Living outside of stories, or When does Lennie poop?

There is symbolic value in this photo only if you want there to be symbolic value there.

There is symbolic value in this photo only if you want there to be symbolic value.

Where do literary characters go when they’re not on the page?

When I watch outtakes from a movie, I can see the actors stop being the characters and return to being actors. Of course, they never stopped being the actors; the characters they play are just ideas.

And so are the characters in a fiction or nonfiction narrative. They’re just ideas, which is to say, they aren’t physically real at all. You can’t touch Sherlock Holmes in “The Hound of the Baskervilles,” you can’t touch Abraham Lincoln in Doris Kearns Goodwin’s “Team of Rivals,” and neither you nor I can touch the person who, according to my journal today, got a cavity filled yesterday. Yesterday-me is not who I am now.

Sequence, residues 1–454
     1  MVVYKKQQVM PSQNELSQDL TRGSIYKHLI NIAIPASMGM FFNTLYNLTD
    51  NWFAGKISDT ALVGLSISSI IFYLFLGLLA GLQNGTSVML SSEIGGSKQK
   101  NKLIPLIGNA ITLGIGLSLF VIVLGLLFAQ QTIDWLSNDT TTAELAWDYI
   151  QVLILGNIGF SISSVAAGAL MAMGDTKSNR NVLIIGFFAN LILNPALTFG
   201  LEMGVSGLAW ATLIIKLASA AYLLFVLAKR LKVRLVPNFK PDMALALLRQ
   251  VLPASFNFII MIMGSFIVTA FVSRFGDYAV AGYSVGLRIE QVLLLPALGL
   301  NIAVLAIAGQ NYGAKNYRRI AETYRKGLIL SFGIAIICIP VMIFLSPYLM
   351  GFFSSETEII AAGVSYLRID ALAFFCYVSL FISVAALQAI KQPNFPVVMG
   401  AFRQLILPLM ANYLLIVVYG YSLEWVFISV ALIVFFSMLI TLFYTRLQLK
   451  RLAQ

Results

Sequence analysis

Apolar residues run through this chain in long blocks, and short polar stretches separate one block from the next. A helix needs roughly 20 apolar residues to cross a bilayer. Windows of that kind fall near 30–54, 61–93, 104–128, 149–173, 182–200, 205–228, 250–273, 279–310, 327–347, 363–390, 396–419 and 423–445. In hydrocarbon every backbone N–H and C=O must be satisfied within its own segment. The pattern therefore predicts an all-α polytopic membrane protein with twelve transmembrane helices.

When we tell stories, we turn real (nonfiction) or imagined (fiction) experiences into ideas. What one sees as a real person with particular traits (this height, that eye color, a certain laugh, a tone of voice) becomes just “Jim” or “a tall man with blue-green eyes,” etc. We give up particulars, abstracting the experience so we can communicate it. And while we can give in-depth descriptions of particular things, we are at best only specifying an idea, not really conveying the experience itself. To tell a reasonably compact story, we limit our descriptions to just what we think are the most-important things (and, I suggest, choosing what was most-important may not be a conscious, intentional process).